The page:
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November 18, 2015

Dade Medical College files bankruptcy-like petition in court


Dade Medical College has filed a court petition to sell its assets — setting in motion a process that could lead to paying some of the money owed to creditors and ex-employees.

It’s the equivalent of a bankruptcy filing, but in state court

Students who attended the school may qualify for some money as well, though students who file a claim will likely end up in the back of the line, getting paid only after secured creditors, government agencies and ex-employees who are owed back wages.

Roughly 2,000 students were displaced by Dade Medical’s sudden closure on Oct. 30 — many left tens of thousands of dollars in debt, with college credits that won’t transfer to traditional colleges.

Additionally, there are students who graduated or dropped out before the closure and who say the college deceived them about the accreditation of its programs, or failed to deliver the quality of education that it promised.

A recent Miami Herald investigation, Higher-Ed Hustle, highlighted how Florida lawmakers have strongly encouraged the growth of for-profit colleges. The Legislature has weakened academic standards, allowed for-profits to access additional state money and stifled the growth of competing public community colleges, which charge much lower tuition.

More here

Marco Rubio attends one Paris terror briefing but skips another to fundraise

via @learyreports

At 10 a.m. Wednesday, the Senate Foreign Relations Committee went behind closed doors for a briefing titled, “The Aftermath of Paris: America’s Role.” But Sen. Marco Rubio was not there. The Florida Republican is on his way to California for fundraising.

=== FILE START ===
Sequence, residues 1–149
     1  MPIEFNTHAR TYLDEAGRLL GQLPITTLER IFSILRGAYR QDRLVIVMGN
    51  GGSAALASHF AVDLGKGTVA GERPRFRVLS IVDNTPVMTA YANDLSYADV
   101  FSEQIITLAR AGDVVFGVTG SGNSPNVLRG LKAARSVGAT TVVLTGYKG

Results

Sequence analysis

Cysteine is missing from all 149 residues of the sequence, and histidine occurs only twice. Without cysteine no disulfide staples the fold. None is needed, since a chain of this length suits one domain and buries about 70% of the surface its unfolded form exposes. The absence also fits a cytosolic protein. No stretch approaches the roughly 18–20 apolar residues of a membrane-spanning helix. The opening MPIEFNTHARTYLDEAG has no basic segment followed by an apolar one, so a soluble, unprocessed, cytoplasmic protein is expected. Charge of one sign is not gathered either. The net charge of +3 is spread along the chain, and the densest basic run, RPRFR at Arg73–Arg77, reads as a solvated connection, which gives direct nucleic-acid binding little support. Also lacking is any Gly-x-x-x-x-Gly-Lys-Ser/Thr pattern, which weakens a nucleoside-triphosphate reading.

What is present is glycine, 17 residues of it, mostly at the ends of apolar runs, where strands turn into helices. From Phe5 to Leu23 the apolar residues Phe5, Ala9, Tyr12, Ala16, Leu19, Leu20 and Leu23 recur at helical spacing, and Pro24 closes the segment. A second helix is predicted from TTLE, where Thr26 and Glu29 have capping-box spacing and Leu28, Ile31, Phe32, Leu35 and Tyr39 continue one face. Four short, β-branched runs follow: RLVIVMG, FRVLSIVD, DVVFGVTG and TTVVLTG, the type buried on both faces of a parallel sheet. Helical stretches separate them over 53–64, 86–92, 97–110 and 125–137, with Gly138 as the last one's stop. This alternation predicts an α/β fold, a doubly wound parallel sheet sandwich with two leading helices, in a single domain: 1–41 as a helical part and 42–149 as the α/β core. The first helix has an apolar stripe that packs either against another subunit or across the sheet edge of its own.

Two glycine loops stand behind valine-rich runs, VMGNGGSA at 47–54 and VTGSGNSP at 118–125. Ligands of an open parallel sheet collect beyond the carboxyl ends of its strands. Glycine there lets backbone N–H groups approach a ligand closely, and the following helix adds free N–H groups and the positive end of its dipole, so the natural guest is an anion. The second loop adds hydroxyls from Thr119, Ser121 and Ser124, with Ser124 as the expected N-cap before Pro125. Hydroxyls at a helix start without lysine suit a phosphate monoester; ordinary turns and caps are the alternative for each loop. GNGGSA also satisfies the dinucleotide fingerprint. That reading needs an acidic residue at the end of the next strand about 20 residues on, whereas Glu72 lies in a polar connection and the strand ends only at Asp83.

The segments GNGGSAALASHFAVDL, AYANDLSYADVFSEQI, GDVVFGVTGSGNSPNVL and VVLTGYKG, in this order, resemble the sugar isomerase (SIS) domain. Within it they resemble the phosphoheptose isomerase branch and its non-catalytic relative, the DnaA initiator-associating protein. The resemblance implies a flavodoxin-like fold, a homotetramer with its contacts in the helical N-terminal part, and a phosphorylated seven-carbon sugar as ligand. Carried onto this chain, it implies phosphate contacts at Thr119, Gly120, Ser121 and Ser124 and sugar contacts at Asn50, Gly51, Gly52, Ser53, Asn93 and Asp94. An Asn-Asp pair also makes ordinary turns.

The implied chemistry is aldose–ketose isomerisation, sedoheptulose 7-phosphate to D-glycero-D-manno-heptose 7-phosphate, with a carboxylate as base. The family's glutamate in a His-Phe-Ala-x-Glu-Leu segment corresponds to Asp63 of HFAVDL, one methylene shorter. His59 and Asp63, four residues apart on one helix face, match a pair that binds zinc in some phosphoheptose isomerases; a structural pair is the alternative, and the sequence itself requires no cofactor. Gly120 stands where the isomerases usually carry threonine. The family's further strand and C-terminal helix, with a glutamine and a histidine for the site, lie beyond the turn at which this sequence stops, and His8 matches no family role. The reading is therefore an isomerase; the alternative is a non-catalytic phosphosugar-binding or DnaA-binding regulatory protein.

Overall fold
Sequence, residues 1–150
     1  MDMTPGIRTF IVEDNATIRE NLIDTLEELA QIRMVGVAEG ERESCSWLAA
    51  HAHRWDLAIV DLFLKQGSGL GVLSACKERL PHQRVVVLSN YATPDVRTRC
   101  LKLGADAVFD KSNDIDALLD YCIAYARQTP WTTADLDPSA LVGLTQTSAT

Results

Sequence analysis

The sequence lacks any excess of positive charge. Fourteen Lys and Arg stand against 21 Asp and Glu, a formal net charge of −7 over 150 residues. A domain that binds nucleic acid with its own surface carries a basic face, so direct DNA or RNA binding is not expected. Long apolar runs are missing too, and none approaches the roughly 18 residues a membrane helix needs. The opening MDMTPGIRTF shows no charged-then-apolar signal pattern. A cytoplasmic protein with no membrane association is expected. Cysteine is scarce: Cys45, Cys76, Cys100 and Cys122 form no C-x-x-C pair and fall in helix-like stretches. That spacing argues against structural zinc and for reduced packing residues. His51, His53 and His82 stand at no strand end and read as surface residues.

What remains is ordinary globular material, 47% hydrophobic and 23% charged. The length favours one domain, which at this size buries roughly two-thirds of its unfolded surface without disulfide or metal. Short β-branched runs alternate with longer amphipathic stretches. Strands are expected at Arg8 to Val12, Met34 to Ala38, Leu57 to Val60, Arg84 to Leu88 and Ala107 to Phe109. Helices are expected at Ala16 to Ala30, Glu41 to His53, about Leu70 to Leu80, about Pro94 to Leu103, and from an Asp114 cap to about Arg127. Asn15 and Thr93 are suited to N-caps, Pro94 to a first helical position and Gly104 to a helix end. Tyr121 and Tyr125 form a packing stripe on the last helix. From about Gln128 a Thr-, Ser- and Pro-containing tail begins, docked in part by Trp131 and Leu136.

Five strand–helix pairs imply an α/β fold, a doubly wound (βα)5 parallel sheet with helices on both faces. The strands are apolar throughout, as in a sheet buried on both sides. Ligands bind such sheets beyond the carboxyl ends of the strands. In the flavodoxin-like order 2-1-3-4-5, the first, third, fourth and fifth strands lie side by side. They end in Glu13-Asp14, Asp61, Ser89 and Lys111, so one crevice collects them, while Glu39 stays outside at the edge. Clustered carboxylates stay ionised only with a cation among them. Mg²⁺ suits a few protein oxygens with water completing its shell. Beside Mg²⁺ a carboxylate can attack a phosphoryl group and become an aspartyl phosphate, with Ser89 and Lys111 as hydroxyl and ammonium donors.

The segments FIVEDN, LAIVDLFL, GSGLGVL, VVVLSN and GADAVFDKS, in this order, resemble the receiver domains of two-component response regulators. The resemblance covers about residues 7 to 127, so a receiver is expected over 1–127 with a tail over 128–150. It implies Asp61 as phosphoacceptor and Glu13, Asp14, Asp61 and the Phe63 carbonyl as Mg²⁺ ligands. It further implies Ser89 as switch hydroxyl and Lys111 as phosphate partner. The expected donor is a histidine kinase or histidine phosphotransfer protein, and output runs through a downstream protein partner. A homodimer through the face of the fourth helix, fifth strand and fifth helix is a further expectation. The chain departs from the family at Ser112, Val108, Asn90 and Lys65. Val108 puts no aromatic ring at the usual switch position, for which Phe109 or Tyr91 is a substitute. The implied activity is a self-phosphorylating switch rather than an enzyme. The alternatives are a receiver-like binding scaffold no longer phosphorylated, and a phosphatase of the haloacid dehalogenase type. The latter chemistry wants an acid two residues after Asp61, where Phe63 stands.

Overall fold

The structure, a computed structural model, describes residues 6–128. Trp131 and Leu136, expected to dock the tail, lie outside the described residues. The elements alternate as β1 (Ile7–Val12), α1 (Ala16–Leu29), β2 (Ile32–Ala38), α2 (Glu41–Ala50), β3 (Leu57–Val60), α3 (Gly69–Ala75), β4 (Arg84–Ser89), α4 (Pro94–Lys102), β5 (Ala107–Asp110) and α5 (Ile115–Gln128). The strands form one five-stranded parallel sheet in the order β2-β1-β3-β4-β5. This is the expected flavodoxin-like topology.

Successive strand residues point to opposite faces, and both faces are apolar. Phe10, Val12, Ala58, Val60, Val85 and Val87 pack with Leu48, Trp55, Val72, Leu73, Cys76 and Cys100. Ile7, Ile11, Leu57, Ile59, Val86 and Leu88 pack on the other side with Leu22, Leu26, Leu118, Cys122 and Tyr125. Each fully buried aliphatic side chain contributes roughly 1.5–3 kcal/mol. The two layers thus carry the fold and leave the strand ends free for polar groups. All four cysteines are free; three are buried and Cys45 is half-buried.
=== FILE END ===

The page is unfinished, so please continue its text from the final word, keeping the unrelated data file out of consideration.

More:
The absence illustrates how Rubio is not just missing floor votes but also key hearings on national security and foreign policy -- issues he has presented as chief credentials of his presidential campaign. He's also skipping a Paris briefing this afternoon for all senators. His office said he attended an Intelligence Committee meeting on Paris held Tuesday.

In recent months Rubio has missed a slew of Foreign Relations hearings and classified briefings, records show, aiding his critics.

Continue reading "Marco Rubio attends one Paris terror briefing but skips another to fundraise" »

Stand-your-ground changes advance in Senate, despite stalling in House


It's not done yet. A Senate committee today advanced NRA-backed legislation that would enhance Florida's "stand your ground" law, a day after a House committee effectively killed its version of the proposal.

Republicans on the Senate Appropriations Subcommittee on Criminal and Civil Justice, by a 5-1 vote, approved the bill sponsored by Sen. Rob Bradley, R-Fleming Island. It would shift the burden of proof in a pretrial hearing to the prosecutor, who would have to prove why a defendant claiming self-defense isn't immune from prosecution.

Sen. Darren Soto, D-Orlando, was the lone dissent on the committee. He panned the bill as "a massive expansion of 'stand your ground' with an unprecedented burden shift."

Committee Chairman Joe Negron -- a Stuart Republican who's poised to be the next Senate president -- spoke at length in favor of it, a rare moment of debate that he said he felt compelled to do because of the importance of the legislation.

"If the state of Florida is going to accuse a citizen of committing a crime, then the state of Florida has the burden of proving at each and every part of the proceeding, to prove guilt beyond and to the exclusion of every reasonable doubt," Negron said. "You don't have to prove anything as a defendant."

Continue reading "Stand-your-ground changes advance in Senate, despite stalling in House" »

Jeb Bush calls for U.S.-led ground troops against ISIS


Jeb Bush laid out a defense policy Wednesday that proposed a U.S.-led coalition of ground troops fighting ISIS, if that's what military leaders recommend.

The United States should not delay in leading a global coalition to take out ISIS with overwhelming force.   

As the words of French President Hollande have made clear, the United States will not be alone in galvanizing this global effort.